Savory Quiche Dough – Pâte Brisée

Quiche’s are a lot easier to make than most people think. The savory crust has only a few ingredients, and the filling is entirely up to you.
You can use this post as a reference page for making savory crusts, also known as ‘Pâte Brisée’.  A pate brisee is an all butter short crust that does not puff during baking because it has no leavening agents. The crust is flaky and rich, and can be used for savory pies, quiches, or tarts. I also have a tutorial for Pate Sucree, which is the sweet dough equivalent. The steps are almost identical.

Savory Quiche Dough –  Pâte Brisée
(makes enough for  2 x 8″ or 2 x 14″ x 4.25″)

4 ¼ cups all purpose flour
¾ cup butter, chilled and cubed
2 egg yolks
¼ cup cold water


Making the Dough:

Using the paddle attachment, mix the butter and flour together until the mixture looks like crumbs. 

Add the yolks and water, and mix on medium-low speed until just combined.

Once the dough comes together, remove from the mixer and bring it together by hand. Roll the dough into a ball, and press down into a disc. Wrap in plastic wrap and refrigerate for at least 45 minutes. You can make the dough a head of time (even freeze it), and proceed to the next steps when you are ready.

Remove chilled dough, and allow to sit at room temperature for 5 minutes until it becomes slightly pliable. You will still need the dough to be chilled, or else it’s tough to roll out. Lightly dust your surface with flour, and roll out the dough. I find it easier to sandwich the dough between two pieces of cling wrap, or parchment and roll it out.  Roll out to 1/8″ thick. Make sure that your dough is rolled out enough to fit the size of your tart pan. The dough should be used as soon as it has been rolled out.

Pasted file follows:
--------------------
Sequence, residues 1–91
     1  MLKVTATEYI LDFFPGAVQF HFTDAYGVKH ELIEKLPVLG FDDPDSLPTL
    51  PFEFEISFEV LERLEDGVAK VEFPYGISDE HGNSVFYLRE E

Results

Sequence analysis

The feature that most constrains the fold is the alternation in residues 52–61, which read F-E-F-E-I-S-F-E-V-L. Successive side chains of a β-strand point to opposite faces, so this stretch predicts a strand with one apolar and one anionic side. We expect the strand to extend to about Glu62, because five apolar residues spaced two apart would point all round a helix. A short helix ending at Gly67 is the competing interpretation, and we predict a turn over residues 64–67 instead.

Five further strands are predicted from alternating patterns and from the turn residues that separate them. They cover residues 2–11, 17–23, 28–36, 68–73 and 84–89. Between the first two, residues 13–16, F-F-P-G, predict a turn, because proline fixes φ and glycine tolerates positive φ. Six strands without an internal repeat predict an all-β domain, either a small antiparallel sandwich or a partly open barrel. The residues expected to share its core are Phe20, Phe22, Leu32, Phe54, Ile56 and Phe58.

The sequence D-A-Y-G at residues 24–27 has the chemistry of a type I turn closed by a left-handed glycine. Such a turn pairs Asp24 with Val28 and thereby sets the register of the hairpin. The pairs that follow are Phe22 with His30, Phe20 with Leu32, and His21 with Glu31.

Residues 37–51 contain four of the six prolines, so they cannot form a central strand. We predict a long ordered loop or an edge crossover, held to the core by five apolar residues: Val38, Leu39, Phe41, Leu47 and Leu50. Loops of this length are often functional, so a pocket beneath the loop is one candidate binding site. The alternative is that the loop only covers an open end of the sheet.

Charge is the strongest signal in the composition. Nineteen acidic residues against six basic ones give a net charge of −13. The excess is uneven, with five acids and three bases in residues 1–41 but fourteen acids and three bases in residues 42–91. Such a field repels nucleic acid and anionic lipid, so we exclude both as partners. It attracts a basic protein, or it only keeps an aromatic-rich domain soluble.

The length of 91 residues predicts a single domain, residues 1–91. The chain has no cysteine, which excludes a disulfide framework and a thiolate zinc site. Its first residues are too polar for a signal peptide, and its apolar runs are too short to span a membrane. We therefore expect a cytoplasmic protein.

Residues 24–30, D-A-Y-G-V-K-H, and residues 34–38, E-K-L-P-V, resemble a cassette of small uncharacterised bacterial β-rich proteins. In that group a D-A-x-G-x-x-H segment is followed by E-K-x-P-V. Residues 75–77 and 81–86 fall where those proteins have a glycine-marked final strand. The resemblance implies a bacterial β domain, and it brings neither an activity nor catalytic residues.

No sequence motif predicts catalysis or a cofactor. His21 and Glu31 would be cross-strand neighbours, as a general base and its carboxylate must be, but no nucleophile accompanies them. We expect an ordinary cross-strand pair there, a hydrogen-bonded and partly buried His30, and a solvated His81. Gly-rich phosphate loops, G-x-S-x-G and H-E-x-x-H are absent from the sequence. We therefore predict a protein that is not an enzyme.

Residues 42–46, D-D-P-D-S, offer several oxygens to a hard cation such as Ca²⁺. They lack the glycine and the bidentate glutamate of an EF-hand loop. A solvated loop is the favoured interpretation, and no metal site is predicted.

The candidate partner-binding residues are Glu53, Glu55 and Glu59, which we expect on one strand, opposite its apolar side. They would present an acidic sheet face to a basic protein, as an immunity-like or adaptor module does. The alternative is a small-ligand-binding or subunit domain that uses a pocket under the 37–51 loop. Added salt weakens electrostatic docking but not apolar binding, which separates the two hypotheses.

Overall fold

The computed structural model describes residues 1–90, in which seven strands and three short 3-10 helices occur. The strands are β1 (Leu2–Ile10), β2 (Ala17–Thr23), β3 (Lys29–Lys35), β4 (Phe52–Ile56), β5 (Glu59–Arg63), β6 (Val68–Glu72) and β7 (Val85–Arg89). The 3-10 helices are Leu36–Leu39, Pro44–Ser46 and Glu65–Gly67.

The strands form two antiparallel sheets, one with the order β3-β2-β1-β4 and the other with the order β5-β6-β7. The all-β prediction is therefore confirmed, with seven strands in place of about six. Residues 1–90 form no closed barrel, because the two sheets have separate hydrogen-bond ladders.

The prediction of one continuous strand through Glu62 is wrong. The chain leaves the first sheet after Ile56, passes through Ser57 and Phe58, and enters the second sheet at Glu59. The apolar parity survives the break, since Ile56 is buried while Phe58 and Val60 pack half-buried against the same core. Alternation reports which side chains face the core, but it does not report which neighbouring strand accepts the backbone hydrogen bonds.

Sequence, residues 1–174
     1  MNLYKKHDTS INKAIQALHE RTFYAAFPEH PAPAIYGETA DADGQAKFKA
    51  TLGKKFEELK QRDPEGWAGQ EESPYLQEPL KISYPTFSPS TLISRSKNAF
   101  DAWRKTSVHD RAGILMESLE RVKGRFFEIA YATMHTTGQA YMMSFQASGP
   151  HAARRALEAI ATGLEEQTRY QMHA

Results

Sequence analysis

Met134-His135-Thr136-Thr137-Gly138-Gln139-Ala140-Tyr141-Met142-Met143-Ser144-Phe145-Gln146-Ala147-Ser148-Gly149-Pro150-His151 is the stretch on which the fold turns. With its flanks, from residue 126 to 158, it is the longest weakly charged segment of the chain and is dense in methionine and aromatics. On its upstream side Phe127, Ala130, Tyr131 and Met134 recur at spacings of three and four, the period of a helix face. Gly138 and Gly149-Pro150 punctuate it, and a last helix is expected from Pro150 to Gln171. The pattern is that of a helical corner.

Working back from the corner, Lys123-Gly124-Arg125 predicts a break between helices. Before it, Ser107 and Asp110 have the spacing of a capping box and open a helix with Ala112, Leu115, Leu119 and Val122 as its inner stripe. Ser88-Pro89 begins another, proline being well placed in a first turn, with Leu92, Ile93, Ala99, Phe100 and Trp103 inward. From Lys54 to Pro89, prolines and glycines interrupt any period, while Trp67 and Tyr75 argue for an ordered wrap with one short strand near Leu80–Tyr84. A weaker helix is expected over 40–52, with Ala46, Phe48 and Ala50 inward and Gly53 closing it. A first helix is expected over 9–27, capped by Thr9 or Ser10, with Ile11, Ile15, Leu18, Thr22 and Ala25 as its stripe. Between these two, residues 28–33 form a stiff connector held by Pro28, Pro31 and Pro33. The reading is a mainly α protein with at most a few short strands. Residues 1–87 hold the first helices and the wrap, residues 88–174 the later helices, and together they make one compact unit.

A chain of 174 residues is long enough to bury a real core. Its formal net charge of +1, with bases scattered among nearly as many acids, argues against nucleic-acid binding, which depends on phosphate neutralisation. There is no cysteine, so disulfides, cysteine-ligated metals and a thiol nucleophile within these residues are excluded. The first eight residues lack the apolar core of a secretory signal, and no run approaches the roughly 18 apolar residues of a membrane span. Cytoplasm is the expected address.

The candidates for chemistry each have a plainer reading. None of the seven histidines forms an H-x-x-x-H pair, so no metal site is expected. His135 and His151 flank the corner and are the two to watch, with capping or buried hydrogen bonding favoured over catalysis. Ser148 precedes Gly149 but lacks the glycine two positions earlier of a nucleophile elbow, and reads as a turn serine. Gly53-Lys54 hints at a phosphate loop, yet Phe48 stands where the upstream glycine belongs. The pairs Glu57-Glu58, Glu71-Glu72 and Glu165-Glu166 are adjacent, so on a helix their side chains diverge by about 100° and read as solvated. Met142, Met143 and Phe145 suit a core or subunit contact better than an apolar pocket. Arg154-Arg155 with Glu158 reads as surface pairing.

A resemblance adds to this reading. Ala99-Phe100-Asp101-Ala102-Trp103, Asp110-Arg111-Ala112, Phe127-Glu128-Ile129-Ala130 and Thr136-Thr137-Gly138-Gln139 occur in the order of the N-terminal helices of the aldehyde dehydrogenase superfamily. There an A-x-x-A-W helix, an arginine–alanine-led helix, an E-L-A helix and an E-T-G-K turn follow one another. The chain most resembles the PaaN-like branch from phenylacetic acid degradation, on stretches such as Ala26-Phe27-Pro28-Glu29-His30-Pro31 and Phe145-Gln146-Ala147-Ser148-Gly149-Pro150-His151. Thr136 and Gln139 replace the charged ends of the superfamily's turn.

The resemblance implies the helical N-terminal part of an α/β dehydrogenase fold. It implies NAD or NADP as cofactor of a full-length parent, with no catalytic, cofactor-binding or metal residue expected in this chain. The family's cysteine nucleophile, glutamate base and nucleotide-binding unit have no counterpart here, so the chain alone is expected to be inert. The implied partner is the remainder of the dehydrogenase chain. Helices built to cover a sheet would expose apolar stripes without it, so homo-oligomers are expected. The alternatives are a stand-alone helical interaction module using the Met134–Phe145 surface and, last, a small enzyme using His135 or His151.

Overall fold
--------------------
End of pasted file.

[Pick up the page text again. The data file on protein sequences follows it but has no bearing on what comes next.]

Pre-heat oven to 375F.


Mold your pastry into your tart pan and refrigerate– refrigerating the dough prior to baking guards against excessive shrinking during baking. *I lay out the dough on a cling wrap, and then flip the dough into the pan (with the cling wrap on the outside), and use it to press it into the pan. This helps me evenly press down the dough without any mess.

… see? The cling wrap is on the outside, and the edges of the pan peep through. 
… the next step is to carefully pull back the edges using the cling wrap.

…Presto. Here is your raw tart shell (with even sides and bottoms!)

Using a fork, gently prick the bottom of the dough. Be careful not to fully puncture the dough or else any fillings might leak through.

If your recipe calls for raw shells, in cases where the filling also needs to be baked for a long time, fill your shell and bake.

If your recipe calls for a full or partial baked shell: line tart with parchment paper (or cupcake liners if they fit), and fill with dried beans, rice, or pie weights.

Bake for 8-10 minutes; or until lightly golden (the baking time really depends on the size of your pan). Remove the shells from the oven, allow cooling for 3-5 minutes and remove the parchment paper and weights.

If your recipe calls for 3/4 baked tart shells, return to the oven for 3-4 minutes to dry out the base. For fully baked, return to the oven until golden brown (8-10 minutes)

… I filled this particular quiche shell with caramelized onions and Macedonian feta. Click here to for part two of this recipe. 


  1. jenna

    you make it look so easy.

  2. Elle

    I had to triple the amount of water and added another egg yolk because the dough would not stick together. My butter was VERY cold as were the eggs. …just wondering why that happened and if my dough will turn out?

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